Random

Tuesday, 26 January 2010

hair of the dog


Walking The Dog
by David Hughes


The artist David Hughes, approaching the big five-oh was told in no uncertain terms that he was drinking too much and lacked exercise, which in combination with his sedentary profession made him a high risk for what I believe the professionals call premature death. Enter Dexter, a wire-haired fox terrier, a birthday present quite literally for life rather than just the day itself. Hughes graphic novel, if that is the right term for it, begins with the daily walks undertaken by both. There is light humour at first with each meeting with fellow dog owners or pedestrians: confusion over the name, the breed, every other person mentioning that 'you don't see them anymore -my dad had one' or 'I used to have a toy one of those, on red wheels'. Bag of poop in hand Hughes grumpily fulfils his duty railing against the world and his lot.



Hughes style is close to that of Gerald Scarfe (but you'd do well to avoid comparing them as Hughes makes clear in one panel) but in each panel on the page his representation of himself looks at least slightly different and sometimes completely so. There is something disconcerting about this changing physiognomy, especially in the way that it is often linked to emotion, often anger. Hughes has a defined alter ego, a character wearing a long trench coat who seems to be tooling up and planning some kind of murder. I'd be hard pressed to lay out a narrative of the book, from those repetitive dog walks Hughes digresses into flights of fancy; some are mundane, connected with his career as an artist, others delve back into memory and family history where a darker tone develops. There is sex, there is violence, there is even talking poo. The ambiguity that covers the whole book makes for an unsettling read and even the use of pen and ink, with its black spatters and droplets, adds to that effect.



A single reading of it has left me impressed by parts, baffled by others and deficient in an understanding of the whole. I'm sure that further readings will continue to yield more and more as like a confusing text such as Finnegans Wake, to which this book has been compared, it will surely reward proper study. Hughes is without doubt an absurdly talented artist (or 'a genius' as Marco Pierre White calls him in a late cameo appearance) exhibiting several different artistic styles throughout the book and sometimes on the same page. My difficulty in showing off some of the art work here is that the book's pages are a bit large for my scanner. What I have managed to show is just a taster. More examples can be found on his website.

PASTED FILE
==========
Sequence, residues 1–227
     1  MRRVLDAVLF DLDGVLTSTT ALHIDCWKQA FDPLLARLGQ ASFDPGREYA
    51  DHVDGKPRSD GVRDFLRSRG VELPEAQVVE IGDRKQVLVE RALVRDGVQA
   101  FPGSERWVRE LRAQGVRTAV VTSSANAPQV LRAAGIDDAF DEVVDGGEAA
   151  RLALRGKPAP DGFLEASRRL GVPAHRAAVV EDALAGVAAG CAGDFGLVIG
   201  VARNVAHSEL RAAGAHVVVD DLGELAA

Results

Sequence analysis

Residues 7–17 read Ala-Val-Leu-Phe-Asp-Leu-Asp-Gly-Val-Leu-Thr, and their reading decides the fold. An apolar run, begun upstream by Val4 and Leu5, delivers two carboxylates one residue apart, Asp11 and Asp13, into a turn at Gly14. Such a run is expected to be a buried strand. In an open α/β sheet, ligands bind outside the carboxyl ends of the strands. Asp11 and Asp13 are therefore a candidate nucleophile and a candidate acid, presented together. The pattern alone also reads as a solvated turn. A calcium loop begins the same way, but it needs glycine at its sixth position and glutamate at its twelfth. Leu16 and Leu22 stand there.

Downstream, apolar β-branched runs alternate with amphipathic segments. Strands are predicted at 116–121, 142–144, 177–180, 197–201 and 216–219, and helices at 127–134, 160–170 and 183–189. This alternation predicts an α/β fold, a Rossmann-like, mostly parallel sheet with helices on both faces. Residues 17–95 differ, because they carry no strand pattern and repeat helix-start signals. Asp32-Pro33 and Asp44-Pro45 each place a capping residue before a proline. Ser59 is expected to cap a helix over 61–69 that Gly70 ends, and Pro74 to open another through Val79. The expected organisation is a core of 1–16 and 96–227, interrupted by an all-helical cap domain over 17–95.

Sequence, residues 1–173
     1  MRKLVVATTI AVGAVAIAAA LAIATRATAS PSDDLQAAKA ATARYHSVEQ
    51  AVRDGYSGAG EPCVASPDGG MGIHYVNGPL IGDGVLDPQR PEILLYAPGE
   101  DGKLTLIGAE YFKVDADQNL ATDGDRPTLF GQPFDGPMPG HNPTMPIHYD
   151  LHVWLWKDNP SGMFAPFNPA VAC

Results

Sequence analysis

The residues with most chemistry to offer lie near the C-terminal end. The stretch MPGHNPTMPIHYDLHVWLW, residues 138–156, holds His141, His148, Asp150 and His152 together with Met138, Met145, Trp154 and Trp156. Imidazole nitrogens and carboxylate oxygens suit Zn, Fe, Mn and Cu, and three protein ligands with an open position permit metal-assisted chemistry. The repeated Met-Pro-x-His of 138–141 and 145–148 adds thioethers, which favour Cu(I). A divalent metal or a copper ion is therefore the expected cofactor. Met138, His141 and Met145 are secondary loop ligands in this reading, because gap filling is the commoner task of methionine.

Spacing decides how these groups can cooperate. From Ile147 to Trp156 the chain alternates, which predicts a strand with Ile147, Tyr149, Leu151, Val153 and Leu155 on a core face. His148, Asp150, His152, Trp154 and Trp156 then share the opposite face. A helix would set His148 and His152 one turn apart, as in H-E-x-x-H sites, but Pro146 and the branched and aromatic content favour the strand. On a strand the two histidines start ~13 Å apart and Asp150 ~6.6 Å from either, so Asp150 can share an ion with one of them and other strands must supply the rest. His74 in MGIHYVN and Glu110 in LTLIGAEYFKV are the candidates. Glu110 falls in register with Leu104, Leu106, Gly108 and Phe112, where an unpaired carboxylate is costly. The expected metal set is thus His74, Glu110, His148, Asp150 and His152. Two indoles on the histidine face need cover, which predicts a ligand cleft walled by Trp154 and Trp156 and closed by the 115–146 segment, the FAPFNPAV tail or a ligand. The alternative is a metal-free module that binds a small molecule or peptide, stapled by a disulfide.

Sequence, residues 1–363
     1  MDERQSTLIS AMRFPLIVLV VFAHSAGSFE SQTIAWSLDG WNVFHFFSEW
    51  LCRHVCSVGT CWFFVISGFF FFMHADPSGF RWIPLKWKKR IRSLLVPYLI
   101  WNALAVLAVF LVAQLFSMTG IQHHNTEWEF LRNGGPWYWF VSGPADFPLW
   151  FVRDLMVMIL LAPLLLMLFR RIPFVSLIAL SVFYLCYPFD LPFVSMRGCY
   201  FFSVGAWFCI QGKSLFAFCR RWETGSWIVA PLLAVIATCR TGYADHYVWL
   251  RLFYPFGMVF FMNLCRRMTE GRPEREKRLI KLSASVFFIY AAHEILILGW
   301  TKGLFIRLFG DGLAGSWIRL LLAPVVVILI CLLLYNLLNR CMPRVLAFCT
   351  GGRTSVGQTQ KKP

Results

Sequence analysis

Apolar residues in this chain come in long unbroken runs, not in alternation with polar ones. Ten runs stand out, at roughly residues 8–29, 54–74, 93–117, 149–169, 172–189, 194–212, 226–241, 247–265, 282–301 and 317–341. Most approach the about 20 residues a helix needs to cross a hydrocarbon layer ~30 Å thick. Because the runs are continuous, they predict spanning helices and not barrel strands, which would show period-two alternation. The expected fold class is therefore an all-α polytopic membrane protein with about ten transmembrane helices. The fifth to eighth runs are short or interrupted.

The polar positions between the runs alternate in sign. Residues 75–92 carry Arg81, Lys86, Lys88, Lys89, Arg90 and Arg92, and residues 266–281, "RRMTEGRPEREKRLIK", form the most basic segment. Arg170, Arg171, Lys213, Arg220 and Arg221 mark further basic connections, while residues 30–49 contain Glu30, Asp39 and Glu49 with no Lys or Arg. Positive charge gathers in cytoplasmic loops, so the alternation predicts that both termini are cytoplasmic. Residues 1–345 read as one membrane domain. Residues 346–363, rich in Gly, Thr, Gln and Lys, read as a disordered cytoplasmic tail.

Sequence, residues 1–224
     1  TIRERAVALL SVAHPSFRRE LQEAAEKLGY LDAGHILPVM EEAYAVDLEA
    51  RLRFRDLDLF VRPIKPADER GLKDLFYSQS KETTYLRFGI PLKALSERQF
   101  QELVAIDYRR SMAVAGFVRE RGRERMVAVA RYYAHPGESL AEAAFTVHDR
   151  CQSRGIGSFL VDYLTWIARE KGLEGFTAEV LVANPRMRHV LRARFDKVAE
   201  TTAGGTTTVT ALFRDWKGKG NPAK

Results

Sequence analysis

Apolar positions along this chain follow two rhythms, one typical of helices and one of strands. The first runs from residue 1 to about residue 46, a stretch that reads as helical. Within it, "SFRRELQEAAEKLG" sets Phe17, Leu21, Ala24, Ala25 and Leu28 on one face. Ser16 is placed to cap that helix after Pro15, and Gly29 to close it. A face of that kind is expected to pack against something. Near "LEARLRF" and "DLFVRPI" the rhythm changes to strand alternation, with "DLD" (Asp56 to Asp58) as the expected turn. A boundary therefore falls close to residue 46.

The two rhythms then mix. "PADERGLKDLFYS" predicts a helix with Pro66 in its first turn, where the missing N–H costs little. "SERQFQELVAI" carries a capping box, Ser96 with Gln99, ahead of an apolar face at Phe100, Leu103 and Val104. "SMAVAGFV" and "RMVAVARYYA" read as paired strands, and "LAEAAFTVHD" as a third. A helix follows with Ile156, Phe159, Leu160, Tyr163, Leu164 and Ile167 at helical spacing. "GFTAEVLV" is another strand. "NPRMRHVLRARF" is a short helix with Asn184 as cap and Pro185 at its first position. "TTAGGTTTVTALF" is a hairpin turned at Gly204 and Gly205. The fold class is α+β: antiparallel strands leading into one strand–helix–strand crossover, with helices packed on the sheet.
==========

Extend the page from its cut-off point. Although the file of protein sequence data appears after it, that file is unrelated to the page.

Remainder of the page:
The quality of production on this book is extraordinary. A large square hardback with patterned boards and endpapers it feels more like a coffee table art book than a comic. That effort shows off Hughes multi-media approach well; the combination of drawing, photography, text and collage makes each and every page a feast for the eyes, even if the size of the handwritten text and the detail of the work sometimes makes it a strain on the eyes as well. It's a book I'll look forward to perusing again in the future, the effort and artistic skill evident on every page.

5 comments:

Rob Spence 30 January 2010 at 12:41  

Hmmm... still not entirely convinced by graphic novels, which I suppose this is. From your description, it doesn't seem much like James Joyce, so I wonder how it compares. Oh, and pedants like me will point out there's no apostrophe in Finnegans Wake.

William Rycroft 30 January 2010 at 16:59  

It's a difficult book to categorise this, Rob, not a standard graphic novel but not a straight graphic-memoir either. Its more baffling nature is the reason why Finnegans Wake has been mentioned by the publisher I think(and fellow pedant John Self beat you to it about the apostrophe, I really must correct that!).

What is it that worries you about graphic novels? I'm a relative novice myself but have found graphic work varied and exciting in places with the odd special book justifying the form, doing graphically something that a purely written book would struggle to do. I can make some recommendations if you fancy.

Rob Spence 30 January 2010 at 17:30  

I suppose what irritates me about a lot of graphic novels I've seen is that the content seems so banal, in terms of the language. There still needs to be attention paid to how things are expressed, even with the visual element. That's maybe why I enjoyed Martin Rowson's graphic version of Tristram Shandy so much.

William Rycroft 31 January 2010 at 13:11  

Ah, ok. I agree that a lot of comics/graphic novels are in that format just because they are, and have very little to 'say'. Some of the finer examples seem to me to be graphic because they need to be and every detail of the visual medium is chosen in order to 'say' something specific. In terms of non-banal content I wonder if you might like the graphic reportage of Joe Sacco (if you haven't read any already). His latest, Footnotes In Gaza, is well worth a look.

bobblog 3 February 2010 at 13:00  

I suppose what irritates me about a lot of graphic novels I've seen is that the content seems so banal, in terms of the language. There still needs to be attention paid to how things are expressed, even with the visual element. That's maybe why I enjoyed Martin Rowson's graphic version of Tristram Shandy so much.


Maus?
Blankets?
Persepolis?
Watchmen?
Cerebus the Aardvark?

Read these and hopefully your Opinion Will change :) - especially the latter

  © Blogger templates The Professional Template by Ourblogtemplates.com 2008

Back to TOP